Bejtlich: I don't think you're suggesting that top-level executives worry about tactical issues like whitelisting applications. Decisions about tools and tactics should be made at the security team level, with CISO approval. However, the C-level executives should hold the CISO and team accountable via metrics. [See his article "Measure Like You Mean It" for more on that topic.] As part of the management team at a publicly traded company, I witness very detailed and complicated discussions based on financial metrics. C-level executives are very capable of metrics-driven discussions if they have real numbers to consider.
I'm sure your feelings about compliance are as mixed as mine. It seems to me that compliance usually mandates 'stuff that anyone in their right mind is already doing.' That means we are bringing the industry up to a baseline of adequacy. In your work with malware reduction and incident response, I'm sure you've formed an opinion: Has compliance helped?
Bejtlich: Compliance is helpful up to a point. I'm not sure if we've met or exceeded the point of diminishing returns. For example, I just heard a report on the radio that a global bank commits one out of 10 employees -- something like 25,000 people, out of 250,000 in total -- to the financial compliance mission. That strikes me as excessive.
I don't think we are in the same league with digital security compliance programs. Anecdotal evidence suggests that compliance-focused security programs cannot stop intruders with mid- to high-level resources and motivation. I doubt they can stop intruders with lower levels of resources and motivation. This needs to be researched further, but I believe most, if not all, of the retailers breached in 2014 were PCI-DSS compliant. If true, that compliance regime does not seem to be making any difference.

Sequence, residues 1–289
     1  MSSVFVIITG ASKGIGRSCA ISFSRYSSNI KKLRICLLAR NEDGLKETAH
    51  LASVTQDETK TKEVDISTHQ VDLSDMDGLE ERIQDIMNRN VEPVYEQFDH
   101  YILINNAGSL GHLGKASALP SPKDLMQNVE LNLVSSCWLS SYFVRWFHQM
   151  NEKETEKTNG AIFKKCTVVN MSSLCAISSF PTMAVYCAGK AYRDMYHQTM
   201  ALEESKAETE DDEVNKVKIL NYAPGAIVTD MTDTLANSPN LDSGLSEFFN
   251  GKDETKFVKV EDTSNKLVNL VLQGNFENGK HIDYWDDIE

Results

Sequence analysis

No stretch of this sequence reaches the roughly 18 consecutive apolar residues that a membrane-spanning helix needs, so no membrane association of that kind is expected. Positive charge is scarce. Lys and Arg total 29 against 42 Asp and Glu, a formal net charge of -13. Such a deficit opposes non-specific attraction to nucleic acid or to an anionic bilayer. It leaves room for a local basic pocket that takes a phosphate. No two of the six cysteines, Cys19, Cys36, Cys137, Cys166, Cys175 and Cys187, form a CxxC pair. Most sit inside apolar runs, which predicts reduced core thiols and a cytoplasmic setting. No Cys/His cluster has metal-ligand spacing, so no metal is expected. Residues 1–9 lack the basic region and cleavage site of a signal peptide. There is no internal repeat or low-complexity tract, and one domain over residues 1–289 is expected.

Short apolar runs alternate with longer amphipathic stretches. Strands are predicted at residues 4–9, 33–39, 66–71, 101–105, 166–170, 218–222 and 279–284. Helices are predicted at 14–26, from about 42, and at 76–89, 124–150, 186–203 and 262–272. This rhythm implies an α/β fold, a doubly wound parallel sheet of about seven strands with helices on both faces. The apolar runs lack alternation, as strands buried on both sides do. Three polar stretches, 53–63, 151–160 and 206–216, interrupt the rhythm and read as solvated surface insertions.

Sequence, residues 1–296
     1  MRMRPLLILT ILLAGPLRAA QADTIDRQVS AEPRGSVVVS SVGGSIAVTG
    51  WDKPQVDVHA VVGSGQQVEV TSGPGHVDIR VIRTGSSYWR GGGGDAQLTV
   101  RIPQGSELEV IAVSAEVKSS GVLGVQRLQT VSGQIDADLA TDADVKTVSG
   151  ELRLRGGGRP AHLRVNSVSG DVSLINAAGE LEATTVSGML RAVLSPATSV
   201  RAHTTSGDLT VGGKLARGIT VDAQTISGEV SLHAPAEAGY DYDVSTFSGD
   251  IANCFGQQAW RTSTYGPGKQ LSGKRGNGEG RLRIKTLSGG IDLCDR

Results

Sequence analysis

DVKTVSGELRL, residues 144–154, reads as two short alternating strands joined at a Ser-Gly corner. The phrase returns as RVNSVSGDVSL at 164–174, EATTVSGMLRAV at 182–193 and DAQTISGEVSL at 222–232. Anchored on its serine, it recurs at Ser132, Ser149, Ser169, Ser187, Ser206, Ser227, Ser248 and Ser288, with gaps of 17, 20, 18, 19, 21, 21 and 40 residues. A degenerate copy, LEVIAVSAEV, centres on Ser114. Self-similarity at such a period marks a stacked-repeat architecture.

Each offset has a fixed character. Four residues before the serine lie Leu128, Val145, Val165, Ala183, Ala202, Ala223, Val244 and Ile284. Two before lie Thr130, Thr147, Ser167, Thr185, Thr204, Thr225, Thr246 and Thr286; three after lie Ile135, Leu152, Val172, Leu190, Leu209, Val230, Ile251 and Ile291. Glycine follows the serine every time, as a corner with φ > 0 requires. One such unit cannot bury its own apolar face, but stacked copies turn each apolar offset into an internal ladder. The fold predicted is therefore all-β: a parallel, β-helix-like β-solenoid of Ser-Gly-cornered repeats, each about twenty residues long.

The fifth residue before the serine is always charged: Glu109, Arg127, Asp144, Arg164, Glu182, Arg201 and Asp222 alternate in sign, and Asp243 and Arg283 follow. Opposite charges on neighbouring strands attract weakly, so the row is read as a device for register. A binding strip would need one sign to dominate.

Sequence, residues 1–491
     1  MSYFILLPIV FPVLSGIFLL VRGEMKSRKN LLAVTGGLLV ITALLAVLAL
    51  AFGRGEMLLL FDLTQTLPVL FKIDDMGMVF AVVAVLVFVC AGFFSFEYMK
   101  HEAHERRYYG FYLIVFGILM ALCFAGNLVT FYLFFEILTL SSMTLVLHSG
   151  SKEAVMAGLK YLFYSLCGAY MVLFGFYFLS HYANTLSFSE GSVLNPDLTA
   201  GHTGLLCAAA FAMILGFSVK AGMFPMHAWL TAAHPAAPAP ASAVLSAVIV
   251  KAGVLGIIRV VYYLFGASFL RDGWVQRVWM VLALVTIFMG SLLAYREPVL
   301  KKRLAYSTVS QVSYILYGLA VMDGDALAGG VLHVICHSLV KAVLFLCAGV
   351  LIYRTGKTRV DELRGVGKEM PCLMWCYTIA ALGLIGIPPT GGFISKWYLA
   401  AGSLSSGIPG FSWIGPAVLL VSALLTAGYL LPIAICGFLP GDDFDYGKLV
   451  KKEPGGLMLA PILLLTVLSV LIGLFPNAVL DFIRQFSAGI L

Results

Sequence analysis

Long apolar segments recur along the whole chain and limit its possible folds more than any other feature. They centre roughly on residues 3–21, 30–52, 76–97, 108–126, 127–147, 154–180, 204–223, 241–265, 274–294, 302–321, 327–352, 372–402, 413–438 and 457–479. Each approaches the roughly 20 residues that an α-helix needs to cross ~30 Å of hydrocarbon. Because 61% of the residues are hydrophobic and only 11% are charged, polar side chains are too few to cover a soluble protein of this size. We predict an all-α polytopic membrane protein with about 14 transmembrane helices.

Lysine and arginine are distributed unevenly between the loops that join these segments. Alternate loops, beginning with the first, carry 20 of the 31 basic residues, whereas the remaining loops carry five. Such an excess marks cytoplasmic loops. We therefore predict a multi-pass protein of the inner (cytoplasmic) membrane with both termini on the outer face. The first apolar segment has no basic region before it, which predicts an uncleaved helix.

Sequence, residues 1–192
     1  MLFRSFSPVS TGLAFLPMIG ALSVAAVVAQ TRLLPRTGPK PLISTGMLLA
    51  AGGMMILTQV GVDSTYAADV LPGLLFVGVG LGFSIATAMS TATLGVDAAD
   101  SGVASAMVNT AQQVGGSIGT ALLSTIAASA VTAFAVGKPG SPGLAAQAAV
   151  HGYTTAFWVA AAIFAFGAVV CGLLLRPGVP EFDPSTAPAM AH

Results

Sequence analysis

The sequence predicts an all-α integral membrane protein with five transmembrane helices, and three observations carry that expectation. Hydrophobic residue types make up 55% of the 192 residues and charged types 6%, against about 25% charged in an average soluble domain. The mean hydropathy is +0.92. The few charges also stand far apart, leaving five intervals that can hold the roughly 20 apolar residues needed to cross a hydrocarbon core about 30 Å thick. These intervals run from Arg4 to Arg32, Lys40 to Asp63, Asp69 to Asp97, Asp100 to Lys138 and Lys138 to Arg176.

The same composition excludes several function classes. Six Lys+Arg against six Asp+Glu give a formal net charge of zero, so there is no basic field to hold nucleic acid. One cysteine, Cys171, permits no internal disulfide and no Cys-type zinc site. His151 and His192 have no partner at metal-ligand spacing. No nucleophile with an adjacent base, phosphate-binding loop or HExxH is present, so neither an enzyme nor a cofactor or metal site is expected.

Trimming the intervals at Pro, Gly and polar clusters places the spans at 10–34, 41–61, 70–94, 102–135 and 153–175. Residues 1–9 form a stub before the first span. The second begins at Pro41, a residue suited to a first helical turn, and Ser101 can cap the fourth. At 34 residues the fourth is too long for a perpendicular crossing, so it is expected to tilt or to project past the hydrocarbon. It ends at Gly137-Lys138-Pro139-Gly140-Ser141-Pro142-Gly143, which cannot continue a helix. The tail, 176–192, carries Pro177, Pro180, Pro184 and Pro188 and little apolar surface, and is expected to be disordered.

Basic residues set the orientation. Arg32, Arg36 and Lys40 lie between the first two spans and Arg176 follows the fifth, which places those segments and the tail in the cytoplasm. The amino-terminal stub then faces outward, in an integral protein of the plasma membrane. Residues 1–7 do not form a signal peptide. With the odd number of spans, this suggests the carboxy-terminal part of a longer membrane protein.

I've always been frustrated when security people talk about an active defense, by which they mean offense. Especially, when the military idea of active defense is really maneuver warfare: husbanding one's forces and being prepared to respond nimbly to enemy attacks and be everywhere at once, in a Napoleonic style of fighting rather than 'the best defense is a strong offense.' In keeping with that model, if you agree with it, what would you tell executives about how to defend actively?
Bejtlich: Active defense has different definitions, in my opinion. When I spend time talking to Department of Defense computer network defenders, they call any activity that is more than passive defense active defense. A passive defense involves configuring defensive systems like firewalls or antivirus and expecting them to stop intruders.
The DoD uses the term active defense when they mean activities taken by defenders in response to intruder activity, or to identify intruder activity. Log analysis, 'hunting missions,' automated or human reconfiguration of defenses in response to intruder activity -- this is all active defense.
Those actions all occur on the defender's turf. When you talk to civilian network defenders, they assume that active defense means counter-force activities taking place on the intruder's turf. I call that offense.
I recommend organizations spend time using 'matching' and 'hunting' campaigns against intruders. Matching can be done by algorithms, but hunting is generally done by people. I talk more about these approaches in my newest book, The Practice of Network Security Monitoring (Chapter 9).
About the author:
Marcus J. Ranum, chief security officer of Tenable Security Inc., is a world-renowned expert on security system design and implementation. He is the inventor of the first commercial bastion host firewall.